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# Introduction

BIBO stability stands for bounded input, bounded output stability. BIBO stablity is the system property that any bounded input yields a bounded output. This is to say that as long as we input a signal with absolute value less than some constant, we are guaranteed to have an output with absolute value less than some other constant.

# Continuous Time BIBO Stability

In order to understand this concept, we must first look more closely into exactly what we mean by bounded. A bounded signal is any signal such that there exists a value such that the absolute value of the signal is never greater than some value. Since this value is arbitrary, what we mean is that at no point can the signal tend to infinity, including the end behavior. Figure 1: A bounded signal is a signal for which there exists a constant A A such that ∀t:|f⁢t|

# Time Domain Conditions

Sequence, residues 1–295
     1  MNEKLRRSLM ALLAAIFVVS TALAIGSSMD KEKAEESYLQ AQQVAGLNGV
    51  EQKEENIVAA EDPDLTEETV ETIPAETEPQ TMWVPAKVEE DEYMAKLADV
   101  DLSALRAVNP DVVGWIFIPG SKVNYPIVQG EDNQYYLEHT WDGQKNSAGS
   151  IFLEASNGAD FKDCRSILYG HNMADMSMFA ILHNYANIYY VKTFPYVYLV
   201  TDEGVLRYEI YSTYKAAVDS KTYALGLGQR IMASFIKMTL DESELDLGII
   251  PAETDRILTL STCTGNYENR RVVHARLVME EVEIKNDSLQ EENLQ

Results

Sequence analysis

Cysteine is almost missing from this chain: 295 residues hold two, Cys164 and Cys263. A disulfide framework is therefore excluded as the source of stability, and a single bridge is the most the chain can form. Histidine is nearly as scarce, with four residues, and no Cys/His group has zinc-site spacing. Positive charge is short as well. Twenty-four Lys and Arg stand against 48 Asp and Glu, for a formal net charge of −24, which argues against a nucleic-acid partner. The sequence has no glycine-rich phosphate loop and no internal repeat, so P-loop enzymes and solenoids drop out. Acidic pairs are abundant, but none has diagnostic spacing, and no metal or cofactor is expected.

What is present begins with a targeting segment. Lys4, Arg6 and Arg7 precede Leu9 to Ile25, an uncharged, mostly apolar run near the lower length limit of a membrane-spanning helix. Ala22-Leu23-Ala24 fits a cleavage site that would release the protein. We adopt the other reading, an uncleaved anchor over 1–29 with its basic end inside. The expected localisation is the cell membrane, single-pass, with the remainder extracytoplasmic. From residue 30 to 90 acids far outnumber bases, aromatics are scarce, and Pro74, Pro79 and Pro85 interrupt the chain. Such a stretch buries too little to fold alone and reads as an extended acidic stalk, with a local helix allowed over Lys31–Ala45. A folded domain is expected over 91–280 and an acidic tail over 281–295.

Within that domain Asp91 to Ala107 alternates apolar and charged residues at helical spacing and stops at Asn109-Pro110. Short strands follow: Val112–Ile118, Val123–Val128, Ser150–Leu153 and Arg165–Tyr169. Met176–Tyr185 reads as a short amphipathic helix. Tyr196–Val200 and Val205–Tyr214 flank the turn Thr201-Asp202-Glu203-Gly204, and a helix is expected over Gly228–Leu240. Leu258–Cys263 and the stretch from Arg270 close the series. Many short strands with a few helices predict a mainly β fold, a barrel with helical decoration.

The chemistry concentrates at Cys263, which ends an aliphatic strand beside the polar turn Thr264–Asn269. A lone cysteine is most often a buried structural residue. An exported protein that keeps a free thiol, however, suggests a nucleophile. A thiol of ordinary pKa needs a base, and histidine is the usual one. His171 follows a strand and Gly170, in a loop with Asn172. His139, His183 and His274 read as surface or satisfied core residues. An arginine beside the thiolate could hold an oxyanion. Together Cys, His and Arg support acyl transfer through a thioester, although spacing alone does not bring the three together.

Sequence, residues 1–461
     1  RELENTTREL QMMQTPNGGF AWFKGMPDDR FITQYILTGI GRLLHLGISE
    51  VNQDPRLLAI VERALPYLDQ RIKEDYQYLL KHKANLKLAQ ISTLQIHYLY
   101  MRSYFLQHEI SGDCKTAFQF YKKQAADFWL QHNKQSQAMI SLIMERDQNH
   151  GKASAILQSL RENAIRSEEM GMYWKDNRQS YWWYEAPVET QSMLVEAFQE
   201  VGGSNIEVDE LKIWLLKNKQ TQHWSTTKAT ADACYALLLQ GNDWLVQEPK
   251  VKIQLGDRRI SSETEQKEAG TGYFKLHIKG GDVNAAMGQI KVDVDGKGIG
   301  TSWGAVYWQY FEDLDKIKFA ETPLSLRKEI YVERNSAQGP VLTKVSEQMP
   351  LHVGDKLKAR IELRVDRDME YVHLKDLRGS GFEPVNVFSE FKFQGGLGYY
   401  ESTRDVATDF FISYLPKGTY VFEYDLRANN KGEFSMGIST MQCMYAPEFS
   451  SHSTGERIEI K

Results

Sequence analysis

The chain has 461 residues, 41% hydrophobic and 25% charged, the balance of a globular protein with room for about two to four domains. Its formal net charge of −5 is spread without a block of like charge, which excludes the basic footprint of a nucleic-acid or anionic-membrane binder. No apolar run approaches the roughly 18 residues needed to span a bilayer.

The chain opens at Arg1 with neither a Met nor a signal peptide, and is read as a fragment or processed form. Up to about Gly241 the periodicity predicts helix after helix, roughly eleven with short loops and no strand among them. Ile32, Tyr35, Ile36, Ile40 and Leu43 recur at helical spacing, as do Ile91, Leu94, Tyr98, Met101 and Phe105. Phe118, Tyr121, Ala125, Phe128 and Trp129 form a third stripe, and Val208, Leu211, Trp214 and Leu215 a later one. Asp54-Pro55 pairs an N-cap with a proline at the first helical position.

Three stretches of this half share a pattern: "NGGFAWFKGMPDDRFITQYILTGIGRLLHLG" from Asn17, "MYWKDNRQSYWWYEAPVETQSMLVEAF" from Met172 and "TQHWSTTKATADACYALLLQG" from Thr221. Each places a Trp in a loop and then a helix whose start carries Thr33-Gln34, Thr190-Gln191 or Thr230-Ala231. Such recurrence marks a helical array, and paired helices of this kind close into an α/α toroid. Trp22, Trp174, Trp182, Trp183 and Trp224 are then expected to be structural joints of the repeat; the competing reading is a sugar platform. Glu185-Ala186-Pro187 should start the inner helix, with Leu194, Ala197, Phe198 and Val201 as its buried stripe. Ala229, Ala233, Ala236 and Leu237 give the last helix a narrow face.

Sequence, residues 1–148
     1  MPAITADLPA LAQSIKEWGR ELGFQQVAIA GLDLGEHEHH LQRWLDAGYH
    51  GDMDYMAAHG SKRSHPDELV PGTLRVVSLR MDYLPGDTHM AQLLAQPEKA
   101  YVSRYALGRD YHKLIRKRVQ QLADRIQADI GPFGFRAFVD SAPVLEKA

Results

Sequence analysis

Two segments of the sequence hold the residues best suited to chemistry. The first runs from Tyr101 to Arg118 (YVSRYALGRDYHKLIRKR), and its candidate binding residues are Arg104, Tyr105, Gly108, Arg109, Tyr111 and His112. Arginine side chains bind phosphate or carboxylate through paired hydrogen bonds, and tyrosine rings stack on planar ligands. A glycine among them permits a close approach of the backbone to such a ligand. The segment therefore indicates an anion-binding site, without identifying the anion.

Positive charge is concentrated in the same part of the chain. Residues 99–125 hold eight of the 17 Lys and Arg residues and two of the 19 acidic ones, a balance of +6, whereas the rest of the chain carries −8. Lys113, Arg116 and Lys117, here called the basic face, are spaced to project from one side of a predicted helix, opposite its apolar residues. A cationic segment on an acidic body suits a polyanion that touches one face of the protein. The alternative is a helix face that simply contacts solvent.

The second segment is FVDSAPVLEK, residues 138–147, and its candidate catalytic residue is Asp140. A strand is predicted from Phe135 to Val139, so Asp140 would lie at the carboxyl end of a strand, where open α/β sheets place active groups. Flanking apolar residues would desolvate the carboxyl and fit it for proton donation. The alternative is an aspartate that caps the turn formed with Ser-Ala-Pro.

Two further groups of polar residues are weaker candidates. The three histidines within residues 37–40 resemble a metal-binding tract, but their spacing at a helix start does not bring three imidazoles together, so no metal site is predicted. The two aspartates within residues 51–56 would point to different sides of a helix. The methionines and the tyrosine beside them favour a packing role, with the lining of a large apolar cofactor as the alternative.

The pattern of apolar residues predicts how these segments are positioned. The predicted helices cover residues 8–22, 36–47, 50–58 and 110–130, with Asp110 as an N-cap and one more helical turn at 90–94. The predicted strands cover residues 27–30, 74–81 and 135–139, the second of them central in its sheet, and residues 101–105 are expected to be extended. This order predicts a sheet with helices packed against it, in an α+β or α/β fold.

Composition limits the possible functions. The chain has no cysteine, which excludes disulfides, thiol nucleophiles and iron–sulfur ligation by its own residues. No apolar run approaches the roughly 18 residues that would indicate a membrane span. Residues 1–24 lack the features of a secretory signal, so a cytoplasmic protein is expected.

Now that we have identified what it means for a signal to be bounded, we must turn our attention to the condition a system must possess in order to guarantee that if any bounded signal is passed through the system, a bounded signal will arise on the output. It turns out that a continuous time LTI system with impulse response $h⁢t h t$ is BIBO stable if and only if

Continuous-Time Condition for BIBO Stability
$∫−∞∞|h⁢t|d t <∞ t h t$
1
This is to say that the impulse response is absolutely integrable.

# Laplace Domain Conditions

Stability is very easy to infer from the pole-zero plot of a transfer function. The only condition necessary to demonstrate stability is to show that the $i⁢ω ω$-axis is in the region of convergence. Consequently, for stable causal systems, all poles must be to the left of the imaginary axis.